Towing a vehicle on a trailer can be a convenient way to transport your car or truck, but it also comes with its own set of risks. To ensure a safe journey, it's important to keep these risks in mind and take appropriate precautions.

Safety Chains

One of the most important safety features of a trailer is its safety chains. These chains should always be installed and hooked to the trailer hitch, crossing underneath the tongue.

They should be long enough to support the trailer’s tongue and allow it to turn without causing any damage, and heavy enough to add stability to the trailer. The recommended weight of the safety chain is 10% to 12% of the total weight of the trailer.

Tyre Pressure

Proper tyre pressure is crucial when towing a vehicle. It's important to check the recommended pound-per-square-inch (psi) level listed on the vehicle's owner’s manual or placard.

Underinflated tyres can result in serious accidents and additional risks due to friction and tyre blowout. Incorrect tyre pressure can also cause a vehicle to lose control when towing.

Tongue Weight

Maintaining the correct tongue weight when towing is critical for safe handling and braking distances. The amount of tongue weight should be between nine and fifteen percent of the towing vehicle's gross trailer weight.

Improperly calculated tongue weight can result in a serious accident, so it's important to check all the technical requirements of your specific trailer type. You can find more information on technical requirements at the website of the Department of Infrastructure & Transport.

Improperly Mated Trailer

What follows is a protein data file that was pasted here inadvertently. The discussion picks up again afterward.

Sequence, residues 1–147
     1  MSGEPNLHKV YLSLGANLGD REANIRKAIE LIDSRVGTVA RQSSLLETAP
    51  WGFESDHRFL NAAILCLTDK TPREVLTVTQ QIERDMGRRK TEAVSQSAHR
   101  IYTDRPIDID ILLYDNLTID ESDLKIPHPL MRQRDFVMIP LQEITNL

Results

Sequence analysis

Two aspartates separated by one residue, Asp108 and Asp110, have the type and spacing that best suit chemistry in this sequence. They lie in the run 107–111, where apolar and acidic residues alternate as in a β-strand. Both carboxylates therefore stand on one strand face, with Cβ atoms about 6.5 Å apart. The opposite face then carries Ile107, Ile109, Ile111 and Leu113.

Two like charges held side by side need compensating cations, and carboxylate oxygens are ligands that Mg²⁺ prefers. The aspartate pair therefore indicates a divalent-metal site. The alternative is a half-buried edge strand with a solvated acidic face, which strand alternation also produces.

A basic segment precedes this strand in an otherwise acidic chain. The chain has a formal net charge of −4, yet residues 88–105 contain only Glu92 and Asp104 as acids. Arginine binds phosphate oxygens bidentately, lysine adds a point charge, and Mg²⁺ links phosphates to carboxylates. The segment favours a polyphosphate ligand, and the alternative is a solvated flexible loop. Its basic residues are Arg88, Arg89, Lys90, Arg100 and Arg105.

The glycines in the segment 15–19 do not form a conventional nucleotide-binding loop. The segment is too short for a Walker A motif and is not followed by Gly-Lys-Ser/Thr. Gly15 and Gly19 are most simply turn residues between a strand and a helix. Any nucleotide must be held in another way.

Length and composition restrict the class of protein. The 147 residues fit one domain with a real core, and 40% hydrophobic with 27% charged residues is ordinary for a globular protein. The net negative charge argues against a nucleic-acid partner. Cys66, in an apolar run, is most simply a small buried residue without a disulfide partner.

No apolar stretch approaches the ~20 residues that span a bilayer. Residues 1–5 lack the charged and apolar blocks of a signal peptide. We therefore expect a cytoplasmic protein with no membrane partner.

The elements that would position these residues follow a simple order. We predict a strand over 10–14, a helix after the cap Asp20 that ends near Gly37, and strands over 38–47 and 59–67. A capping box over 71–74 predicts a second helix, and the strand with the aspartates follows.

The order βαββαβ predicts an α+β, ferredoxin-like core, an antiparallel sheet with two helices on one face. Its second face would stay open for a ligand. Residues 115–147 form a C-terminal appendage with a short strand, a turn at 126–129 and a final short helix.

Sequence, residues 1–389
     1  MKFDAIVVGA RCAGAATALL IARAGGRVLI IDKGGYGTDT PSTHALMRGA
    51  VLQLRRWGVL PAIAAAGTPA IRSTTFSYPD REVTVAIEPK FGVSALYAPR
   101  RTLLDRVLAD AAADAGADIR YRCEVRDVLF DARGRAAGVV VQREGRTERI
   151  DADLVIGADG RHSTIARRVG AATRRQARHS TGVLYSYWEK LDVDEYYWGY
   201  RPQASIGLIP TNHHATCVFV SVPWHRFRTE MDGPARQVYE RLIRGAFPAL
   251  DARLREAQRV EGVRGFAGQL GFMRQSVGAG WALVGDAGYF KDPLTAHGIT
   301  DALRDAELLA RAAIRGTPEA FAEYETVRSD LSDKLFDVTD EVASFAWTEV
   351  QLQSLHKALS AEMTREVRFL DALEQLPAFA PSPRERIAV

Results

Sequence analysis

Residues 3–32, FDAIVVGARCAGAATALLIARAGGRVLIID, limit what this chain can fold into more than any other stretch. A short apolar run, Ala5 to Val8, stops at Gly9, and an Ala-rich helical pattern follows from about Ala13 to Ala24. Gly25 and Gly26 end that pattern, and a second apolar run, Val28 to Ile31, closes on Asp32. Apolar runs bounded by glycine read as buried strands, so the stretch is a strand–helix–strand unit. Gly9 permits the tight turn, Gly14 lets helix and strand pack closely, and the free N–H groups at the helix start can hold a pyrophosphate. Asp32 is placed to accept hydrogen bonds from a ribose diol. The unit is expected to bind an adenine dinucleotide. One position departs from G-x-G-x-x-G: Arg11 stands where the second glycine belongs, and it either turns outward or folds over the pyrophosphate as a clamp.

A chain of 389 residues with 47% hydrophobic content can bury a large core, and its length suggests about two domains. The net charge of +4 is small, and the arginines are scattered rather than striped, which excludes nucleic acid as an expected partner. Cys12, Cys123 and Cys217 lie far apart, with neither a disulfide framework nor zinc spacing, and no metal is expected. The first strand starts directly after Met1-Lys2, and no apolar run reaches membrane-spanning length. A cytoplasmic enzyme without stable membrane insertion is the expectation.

When trailers are not mated properly, they can impact your ability to turn smoothly, navigate roadside obstacles and can create a fire hazard if the metal chains are coming in contact with the road.

Moreover, trailers have a limited turning radius, and if sharp turns are taken, it can cause the load to shift, which may lead to damage to the wheels and tyres, and even blowouts.

To prevent these problems, the driver should make sure that 60% of the cargo is in the front and 40% is in the back, and ensure that the cargo is secured.

Overworking Your Tow Vehicle

One of the most common errors made during towing is overtaxing the tow vehicle, which can lead in harm to the engine or transmission and even cause the vehicle to break down.

Monitoring the temperature gauges on your tow vehicle is essential to avoid overheating or underheating, and stopping immediately if the temperature readings are excessively high or low.

You can also help alleviate the strain on the transmission by reducing the speed of your tow vehicle and avoiding steep inclines.

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